Sharks seek human proximity – Wikipedia

Most animals are afraid of humans, so they try to get as far as possible from their noisy and bright cities. But there are some species that don’t mind the presence of humans and have learned to take advantage of it.

When it comes to pigeons, from a human point of view, it is rather harmless. Raccoon is different. Some consider animals, about half a meter long with a wide face and round ears, to be cute, others consider carnivores, who like to throw out trash cans, among the worst pests of all.

In any case, the news from a team led by Neil Hammerschlag of the University of Miami is very frightening, as some species of sharks also seek to get close to humans and intentionally swim in the direction of large cities. Although it is known that only about five people die each year as a result of a shark attack, the result of the investigation just published in the scientific journal is Marine Ecology Advance Series It was posted, which is somewhat alarming.

“There are very few studies that have examined the movement patterns of predatory fish in relation to cities,” Hammerschlag says. “But because other studies have shown that terrestrial predators avoid cities, we expected sharks to do the same.” But this assessment turned out to be wrong. “We were surprised that the sharks spent a lot of time near the lights and noise of the bustling city. They often stayed close to shore, no matter the time of day.”

“>

For their study, scientists caught 14 large hammerheads (Sphyrna mokarran), 13 sharks (Carcharhinus leucas) and 25 Atlantic nurse sharks (Ginglymostoma cirratum) off the Florida coast near the metropolitan city of Miami. The transmitter was implanted in bull and nurse sharks. The researchers did not want to subject the stress-sensitive hammerhead sharks to this procedure; So they attached the transmitter externally to the animals’ back muscles. For five years – between 2015 and 2019 – scientists tracked where and when the sharks were.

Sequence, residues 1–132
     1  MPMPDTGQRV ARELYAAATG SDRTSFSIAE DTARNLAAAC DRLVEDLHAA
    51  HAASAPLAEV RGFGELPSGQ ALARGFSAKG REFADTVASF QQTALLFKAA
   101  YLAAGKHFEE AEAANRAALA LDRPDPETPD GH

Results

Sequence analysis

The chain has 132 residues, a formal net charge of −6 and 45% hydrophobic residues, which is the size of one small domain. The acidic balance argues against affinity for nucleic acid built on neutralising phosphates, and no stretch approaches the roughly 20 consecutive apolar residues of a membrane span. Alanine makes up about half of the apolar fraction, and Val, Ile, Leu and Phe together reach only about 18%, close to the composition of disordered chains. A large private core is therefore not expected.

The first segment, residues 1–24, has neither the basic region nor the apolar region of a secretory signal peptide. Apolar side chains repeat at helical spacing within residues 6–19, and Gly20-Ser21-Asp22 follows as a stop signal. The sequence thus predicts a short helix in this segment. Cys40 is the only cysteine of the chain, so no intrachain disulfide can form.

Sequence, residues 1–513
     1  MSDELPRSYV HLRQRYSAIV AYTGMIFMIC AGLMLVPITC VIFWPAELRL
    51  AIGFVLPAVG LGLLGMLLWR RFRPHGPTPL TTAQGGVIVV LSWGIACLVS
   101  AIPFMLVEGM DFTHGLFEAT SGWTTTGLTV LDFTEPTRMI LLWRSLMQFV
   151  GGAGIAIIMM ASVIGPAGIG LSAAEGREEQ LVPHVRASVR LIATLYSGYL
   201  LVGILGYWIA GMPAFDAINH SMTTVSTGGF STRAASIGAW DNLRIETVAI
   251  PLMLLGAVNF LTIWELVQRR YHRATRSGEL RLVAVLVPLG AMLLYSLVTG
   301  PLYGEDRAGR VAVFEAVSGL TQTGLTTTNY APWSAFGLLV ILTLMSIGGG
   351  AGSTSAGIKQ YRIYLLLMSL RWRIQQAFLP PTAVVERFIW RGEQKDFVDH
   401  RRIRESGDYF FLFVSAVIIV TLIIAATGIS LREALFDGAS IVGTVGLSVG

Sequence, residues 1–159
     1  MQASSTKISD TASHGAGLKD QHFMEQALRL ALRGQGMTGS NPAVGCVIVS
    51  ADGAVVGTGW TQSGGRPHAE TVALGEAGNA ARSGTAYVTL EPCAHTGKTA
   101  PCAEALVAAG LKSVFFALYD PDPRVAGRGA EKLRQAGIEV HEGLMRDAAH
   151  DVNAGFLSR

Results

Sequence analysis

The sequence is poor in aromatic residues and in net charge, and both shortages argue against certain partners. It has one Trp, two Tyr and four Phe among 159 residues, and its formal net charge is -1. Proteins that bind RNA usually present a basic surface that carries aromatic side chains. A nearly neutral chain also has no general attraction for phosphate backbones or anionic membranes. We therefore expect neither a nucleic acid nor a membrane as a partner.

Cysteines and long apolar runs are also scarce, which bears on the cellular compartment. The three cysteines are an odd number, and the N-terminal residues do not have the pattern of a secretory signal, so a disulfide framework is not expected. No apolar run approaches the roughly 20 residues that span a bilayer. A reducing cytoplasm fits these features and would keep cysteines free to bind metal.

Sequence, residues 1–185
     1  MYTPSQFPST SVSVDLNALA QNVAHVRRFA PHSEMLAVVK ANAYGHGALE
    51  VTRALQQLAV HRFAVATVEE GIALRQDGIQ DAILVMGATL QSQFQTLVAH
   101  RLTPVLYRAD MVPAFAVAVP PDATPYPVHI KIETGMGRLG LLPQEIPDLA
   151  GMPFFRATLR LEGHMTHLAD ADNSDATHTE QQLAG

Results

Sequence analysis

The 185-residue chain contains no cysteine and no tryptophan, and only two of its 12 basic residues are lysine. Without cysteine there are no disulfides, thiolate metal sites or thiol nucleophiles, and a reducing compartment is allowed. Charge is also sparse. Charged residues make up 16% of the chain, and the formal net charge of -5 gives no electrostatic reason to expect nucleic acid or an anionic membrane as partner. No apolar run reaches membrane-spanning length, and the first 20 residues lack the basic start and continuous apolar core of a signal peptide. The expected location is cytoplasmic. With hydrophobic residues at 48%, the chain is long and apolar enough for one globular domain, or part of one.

Two of the shark species studied are known to occasionally attack humans

Evaluation of movement patterns showed that predatory fish were more often than average in densely populated areas of the coast. Researchers don’t know exactly why animals get so close to humans. However, they suspect that sharks are attracted to fish droppings or that nutrients released into the sea along with city sewage promote algal blooms. This can breed fish that feed on these algae, which in turn can attract sharks to eat the fish.

According to the study’s authors, this can be dangerous for both sharks and humans: “Because they spend a long time near the coast, there is a risk to the sharks that they will come into contact with environmental toxins and that they will be caught by fishermen.” As Hammerschlag says. Both can affect their health and survival chances.

For people bathing in the sea, the behavior of animals means an increased risk of encountering a shark. Although shark attacks are rare, the study authors believe that people should avoid going into the water in certain stretches of the coast. After all, two of the species examined in the study are said to occasionally attack humans. Bull shark attacks can be deadly. Attacks by large hammerhead sharks have also been recorded in the International Shark Attacks File, where shark attacks on humans are recorded, but fortunately never yielded fatal results.

Leave a Comment